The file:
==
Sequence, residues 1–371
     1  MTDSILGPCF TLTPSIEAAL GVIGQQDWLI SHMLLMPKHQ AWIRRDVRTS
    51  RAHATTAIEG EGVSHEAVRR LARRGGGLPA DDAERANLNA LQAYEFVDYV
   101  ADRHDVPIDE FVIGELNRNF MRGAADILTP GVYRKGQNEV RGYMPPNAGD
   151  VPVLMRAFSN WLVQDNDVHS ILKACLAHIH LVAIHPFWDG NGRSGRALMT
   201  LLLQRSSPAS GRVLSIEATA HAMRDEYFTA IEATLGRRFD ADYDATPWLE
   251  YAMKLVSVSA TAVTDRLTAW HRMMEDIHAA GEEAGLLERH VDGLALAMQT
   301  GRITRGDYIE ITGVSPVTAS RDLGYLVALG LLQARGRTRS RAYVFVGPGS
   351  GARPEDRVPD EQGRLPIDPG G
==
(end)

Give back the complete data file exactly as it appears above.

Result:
Sequence, residues 1–371
     1  MTDSILGPCF TLTPSIEAAL GVIGQQDWLI SHMLLMPKHQ AWIRRDVRTS
    51  RAHATTAIEG EGVSHEAVRR LARRGGGLPA DDAERANLNA LQAYEFVDYV
   101  ADRHDVPIDE FVIGELNRNF MRGAADILTP GVYRKGQNEV RGYMPPNAGD
   151  VPVLMRAFSN WLVQDNDVHS ILKACLAHIH LVAIHPFWDG NGRSGRALMT
   201  LLLQRSSPAS GRVLSIEATA HAMRDEYFTA IEATLGRRFD ADYDATPWLE
   251  YAMKLVSVSA TAVTDRLTAW HRMMEDIHAA GEEAGLLERH VDGLALAMQT
   301  GRITRGDYIE ITGVSPVTAS RDLGYLVALG LLQARGRTRS RAYVFVGPGS
   351  GARPEDRVPD EQGRLPIDPG G